Global Britain: How is our Industry Part of this Bright Future?
"I will not make age an issue of this campaign. I am not going to exploit, for political purposes, my opponent's youth and inexperience."
So said Ronald Reagan during the 1984 presidential debates when asked if, at 73, he was too old to be President. We might make the following quip about our country: where once flag followed trade, trade now follows flag. This is happening as we enable a “Global Britain.”
What is a Global Britain?
• one with rich opportunities with the U.S. as our “special relationship”
• a new and forthcoming special relationship with the E.U.
• an invigorated relationship with the other 52 member states of the Commonwealth and
• those of the rest of the world.
Our trade, diplomatic, defense, security and cultural relationships with them will determine (1) how successfully we can develop mutual trade and investment opportunities and (2) how successfully we can embed distinguishing U.K. values into a complex world to achieve collective and global security.
What are the values of a Global Britain?
What inspires us? How can we celebrate our country? How can we identify those values that distinguish us from others and bind around them? Well, when we do identify those values, we will ascertain what our unique offering is both in our society at home and in our endeavors abroad. This will feed into our daily lives as well as our business ones. We will establish a clear-sighted and long-term strategy for the United Kingdom. The source of U.K. strategy is a national vision. That vision generates the definition of our national mission.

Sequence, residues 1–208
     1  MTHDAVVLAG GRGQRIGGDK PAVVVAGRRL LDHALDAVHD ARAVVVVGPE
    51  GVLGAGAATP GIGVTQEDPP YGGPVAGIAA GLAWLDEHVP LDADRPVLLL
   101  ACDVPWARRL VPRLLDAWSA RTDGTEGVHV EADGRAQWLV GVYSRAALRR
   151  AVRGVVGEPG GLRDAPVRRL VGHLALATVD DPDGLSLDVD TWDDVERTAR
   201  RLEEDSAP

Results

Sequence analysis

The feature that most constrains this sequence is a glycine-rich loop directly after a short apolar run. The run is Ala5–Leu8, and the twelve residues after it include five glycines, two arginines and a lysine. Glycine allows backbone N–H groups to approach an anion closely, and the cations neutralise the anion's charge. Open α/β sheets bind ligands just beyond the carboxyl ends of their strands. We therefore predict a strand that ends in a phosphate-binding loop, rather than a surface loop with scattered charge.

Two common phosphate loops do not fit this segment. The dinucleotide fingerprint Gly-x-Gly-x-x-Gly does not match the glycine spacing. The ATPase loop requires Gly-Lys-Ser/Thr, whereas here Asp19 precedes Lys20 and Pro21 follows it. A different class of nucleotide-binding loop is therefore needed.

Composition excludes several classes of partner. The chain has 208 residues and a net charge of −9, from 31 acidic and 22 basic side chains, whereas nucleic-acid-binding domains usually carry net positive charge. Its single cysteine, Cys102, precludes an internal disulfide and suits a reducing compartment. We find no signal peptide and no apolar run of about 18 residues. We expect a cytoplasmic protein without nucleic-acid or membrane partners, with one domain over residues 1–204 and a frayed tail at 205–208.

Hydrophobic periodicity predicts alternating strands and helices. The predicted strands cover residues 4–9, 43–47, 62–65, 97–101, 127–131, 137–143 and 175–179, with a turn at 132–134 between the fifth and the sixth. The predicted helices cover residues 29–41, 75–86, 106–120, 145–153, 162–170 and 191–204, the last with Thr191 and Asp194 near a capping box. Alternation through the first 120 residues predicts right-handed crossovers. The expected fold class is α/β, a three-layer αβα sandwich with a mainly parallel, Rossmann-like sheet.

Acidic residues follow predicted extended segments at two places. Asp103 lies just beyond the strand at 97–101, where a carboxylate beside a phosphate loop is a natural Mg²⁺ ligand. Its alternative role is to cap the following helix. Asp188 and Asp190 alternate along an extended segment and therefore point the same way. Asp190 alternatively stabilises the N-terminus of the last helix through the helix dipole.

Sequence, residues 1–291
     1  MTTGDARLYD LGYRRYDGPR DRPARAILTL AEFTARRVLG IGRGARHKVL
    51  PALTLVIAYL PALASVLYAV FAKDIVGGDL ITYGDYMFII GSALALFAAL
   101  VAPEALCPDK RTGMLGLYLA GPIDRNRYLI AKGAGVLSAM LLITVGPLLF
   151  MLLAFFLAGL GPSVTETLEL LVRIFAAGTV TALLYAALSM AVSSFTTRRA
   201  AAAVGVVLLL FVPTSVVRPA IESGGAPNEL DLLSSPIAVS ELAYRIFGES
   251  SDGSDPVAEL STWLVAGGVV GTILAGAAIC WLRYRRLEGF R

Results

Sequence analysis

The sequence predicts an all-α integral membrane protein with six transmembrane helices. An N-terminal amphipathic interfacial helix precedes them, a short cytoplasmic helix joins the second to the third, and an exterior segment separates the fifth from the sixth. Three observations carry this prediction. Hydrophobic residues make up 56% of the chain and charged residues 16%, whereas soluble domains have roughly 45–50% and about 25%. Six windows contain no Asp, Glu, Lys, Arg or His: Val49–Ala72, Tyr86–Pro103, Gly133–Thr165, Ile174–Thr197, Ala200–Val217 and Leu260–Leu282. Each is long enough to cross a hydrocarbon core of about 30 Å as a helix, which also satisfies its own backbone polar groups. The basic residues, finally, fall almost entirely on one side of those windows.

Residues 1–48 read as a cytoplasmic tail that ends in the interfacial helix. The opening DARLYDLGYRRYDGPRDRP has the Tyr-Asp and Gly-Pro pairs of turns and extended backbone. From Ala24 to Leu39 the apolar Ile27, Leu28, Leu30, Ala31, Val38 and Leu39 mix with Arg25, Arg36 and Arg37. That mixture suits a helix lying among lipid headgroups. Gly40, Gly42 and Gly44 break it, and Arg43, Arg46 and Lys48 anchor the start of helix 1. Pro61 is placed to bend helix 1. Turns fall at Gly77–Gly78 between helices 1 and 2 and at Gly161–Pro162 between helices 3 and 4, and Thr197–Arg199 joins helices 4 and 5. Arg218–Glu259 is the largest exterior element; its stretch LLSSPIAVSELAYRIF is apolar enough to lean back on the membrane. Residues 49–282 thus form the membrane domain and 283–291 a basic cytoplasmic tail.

How does our marine industry fit?
The U.K. maritime industry is world-leading. It is demonstrating that it has the drive and ambition to continue to be following E.U. exit through the Maritime 2050 Strategy. By working with U.K. Government, specifically with Department for Transport with the Department for International Trade and the GREAT campaign, we have a wealth of opportunities to export our goods and services, thus securing and growing our businesses, offering new employment prospects and shaping the U.K.’s marine sector as a whole.
The Government lacks bandwidth beyond E.U. exit.
E.U. exit has been fraught with uncertainty and some in our industry have been unclear as to what this means for the marine sector. Now the U.K. Government is showing that it has the energy and capacity to promote U.K. trade at home and especially abroad; we can be a part of that.
The set-piece speeches of the Prime Minister, the Foreign Secretary, the Secretaries of State for International Trade, International Development and Business, Energy & Industrial Strategy suggest otherwise. They contain the finest collective political thought that we have seen in this country for 45 years. They express this country’s achievements and our possibilities well:
• the powerful “Global Britain” narrative by the PM;
• the invigorating “unflinching resolve of the British Government and people” by the Foreign Secretary;